Now We Are SevenOctober 30, 2013
Well……. apparently my blog has been going for 7 years.
It originally appeared on a couple of other websites, before finding its long-term home here in January 2009. Between the sites it has probably had in excess of 900 000 hits. That said it really only took off in the last year or so, as more teachers joined Twitter and certain posts became particularly highly visited. Prior to that I used to pride myself on being read only by a small elite of deep thinkers. The style has changed a fair bit, going from a frequent mix of anecdotal material and tedious essays to a less frequent, but less tedious, style of essay which verged on a cry for help, to its current emphasis on immediate & frequent reactions to whatever is annoying me, particularly topical issues.
My original inclination, after leaving a school I hated, was to catalogue some of the outrageous things I had seen in a couple of schools that would be considered fairly average and to share my own thoughts about the ideas that informed our education system, mainly focusing on behaviour. As time has gone on, I’ve become less interested (and more restricted) in how much I can write about personal experience, and more focused on policy, teaching methods and the broader teacher experience.
After being ignored, even in lists of teacher blogs, for most of those years this blog now gets a fair bit of publicity (see here) and has been name-checked by Michael Gove a few times. After years of being told that I was expressing the views of an insignificant and unrepresentative individual, I’m more often criticised nowadays for being the leader of a mob.
Through my blog, I’ve met a host of new people, including some such as Katharine Birbalsingh, Tom Bennett, Toby Young, Daisy Christodoulou and Daniel Willingham (yes really, how cool is that?) who I guess you would have to say count as celebrities in the strange parallel universe of the education debate.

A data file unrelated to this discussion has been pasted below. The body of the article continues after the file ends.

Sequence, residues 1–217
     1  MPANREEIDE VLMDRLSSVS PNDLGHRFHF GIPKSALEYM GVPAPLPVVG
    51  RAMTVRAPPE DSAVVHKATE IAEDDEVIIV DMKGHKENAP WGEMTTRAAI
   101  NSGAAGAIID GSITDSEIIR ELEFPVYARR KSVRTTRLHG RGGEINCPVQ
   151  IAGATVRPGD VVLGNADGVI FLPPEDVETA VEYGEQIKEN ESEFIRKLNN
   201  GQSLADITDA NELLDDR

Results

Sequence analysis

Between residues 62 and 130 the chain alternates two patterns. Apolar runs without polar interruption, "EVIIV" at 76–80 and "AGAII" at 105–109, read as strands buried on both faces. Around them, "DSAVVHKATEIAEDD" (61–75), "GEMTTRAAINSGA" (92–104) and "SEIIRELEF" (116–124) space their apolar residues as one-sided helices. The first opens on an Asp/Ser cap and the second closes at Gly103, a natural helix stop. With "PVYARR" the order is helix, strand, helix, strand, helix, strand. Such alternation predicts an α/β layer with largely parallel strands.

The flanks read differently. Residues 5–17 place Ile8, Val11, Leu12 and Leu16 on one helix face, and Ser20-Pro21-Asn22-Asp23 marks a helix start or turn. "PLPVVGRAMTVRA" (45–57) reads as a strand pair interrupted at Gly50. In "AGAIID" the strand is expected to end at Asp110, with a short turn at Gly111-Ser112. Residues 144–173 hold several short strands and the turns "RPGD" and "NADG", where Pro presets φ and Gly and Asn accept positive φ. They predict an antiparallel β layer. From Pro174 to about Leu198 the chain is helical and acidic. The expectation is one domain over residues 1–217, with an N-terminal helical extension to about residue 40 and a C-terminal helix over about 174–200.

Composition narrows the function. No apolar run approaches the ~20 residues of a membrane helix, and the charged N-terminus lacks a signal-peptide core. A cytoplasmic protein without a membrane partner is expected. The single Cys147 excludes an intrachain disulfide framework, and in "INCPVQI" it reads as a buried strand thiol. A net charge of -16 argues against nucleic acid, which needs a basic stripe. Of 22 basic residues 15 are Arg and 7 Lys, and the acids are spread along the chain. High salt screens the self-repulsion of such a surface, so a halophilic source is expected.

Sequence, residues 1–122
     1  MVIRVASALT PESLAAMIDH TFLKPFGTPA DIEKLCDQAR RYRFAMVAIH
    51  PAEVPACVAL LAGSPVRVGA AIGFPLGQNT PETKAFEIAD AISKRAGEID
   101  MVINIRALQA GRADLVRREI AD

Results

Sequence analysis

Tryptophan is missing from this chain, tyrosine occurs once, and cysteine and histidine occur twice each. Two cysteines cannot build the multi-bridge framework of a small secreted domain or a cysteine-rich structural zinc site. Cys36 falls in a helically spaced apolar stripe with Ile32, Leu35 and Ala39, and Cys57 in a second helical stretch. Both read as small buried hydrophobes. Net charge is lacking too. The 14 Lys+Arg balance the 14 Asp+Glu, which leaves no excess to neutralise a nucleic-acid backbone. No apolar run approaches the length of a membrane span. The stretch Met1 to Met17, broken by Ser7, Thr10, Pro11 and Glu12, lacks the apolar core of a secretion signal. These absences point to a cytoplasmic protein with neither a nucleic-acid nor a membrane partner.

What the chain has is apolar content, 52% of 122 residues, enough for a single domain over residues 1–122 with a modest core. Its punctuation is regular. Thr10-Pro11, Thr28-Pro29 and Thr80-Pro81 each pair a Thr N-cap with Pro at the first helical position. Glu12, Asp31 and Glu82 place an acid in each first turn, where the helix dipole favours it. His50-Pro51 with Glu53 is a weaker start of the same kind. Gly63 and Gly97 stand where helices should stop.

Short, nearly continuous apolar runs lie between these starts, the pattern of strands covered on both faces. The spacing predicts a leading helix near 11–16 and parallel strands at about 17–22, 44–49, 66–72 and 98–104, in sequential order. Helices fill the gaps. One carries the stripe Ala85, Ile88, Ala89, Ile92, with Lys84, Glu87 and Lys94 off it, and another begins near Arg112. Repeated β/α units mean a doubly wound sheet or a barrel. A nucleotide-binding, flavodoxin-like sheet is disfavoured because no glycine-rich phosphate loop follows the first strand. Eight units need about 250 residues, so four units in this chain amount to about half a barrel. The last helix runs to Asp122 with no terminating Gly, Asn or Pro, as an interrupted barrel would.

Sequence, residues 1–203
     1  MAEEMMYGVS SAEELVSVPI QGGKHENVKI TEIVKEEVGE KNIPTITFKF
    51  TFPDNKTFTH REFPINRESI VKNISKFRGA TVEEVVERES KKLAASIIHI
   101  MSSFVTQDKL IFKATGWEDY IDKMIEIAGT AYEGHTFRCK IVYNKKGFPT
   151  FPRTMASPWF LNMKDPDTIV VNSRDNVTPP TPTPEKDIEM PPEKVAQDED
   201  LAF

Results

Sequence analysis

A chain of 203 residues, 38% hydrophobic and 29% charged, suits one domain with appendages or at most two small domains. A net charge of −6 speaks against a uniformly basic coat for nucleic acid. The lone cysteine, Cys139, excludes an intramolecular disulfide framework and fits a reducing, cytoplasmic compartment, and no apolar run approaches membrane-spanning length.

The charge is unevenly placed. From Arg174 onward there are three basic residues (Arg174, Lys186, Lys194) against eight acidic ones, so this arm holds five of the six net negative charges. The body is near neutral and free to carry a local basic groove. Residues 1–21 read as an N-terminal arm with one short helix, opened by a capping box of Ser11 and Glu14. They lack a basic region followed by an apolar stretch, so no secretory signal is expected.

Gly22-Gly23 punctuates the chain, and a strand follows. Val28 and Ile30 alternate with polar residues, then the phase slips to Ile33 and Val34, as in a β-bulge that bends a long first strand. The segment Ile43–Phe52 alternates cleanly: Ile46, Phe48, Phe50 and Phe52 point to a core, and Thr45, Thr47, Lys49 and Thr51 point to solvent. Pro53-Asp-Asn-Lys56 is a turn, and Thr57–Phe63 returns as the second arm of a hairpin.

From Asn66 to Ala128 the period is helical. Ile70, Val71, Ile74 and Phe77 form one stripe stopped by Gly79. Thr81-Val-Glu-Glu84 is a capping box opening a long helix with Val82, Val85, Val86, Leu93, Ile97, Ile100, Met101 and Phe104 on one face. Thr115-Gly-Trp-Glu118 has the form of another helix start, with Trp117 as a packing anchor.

During this time I have maintained my anonymity through carefully cultivating a career of such deep insignificance that if you arrived at my school’s reception and asked for me by my real name they wouldn’t be able to help. (I’m not joking, David Didau tried this.) At some point I will need to go public, but first I need to work somewhere that the opinions I express, and that thousands of teachers follow, aren’t going to be considered controversial or a liability when OFSTED visit. However, working in a school and seeing every day the things I’ve been describing for 7 years, continues to be my main source of inspiration.
Anyway, I’ll leave you with links to a few of the highlights of the last 7 years.
- This, from my first month of blogging, is probably the one where I most often get people telling me that I nailed it (although this gets a pretty similar reaction)
- This from 2007 is probably still my funniest post.
- This, or at least the final part of it, had the most impact on political debate after prompting a controversial part of a speech by Michael Gove.
- This from 2009 covers some ground that still comes up a lot.
- People still ask about this on A.P.P., an initiative that apparently still hasn’t died in some schools:
- This sums up my attitude to OFSTED, an organisation also mention in my two most read blogposts: here and here.
- This sums up one of the debates that helped bring attention to this blog.
- This still makes me angry.
- The post that prompted the greatest number of hits in one day was this, from a few days ago.
- And this has changed the lives of all who saw it.
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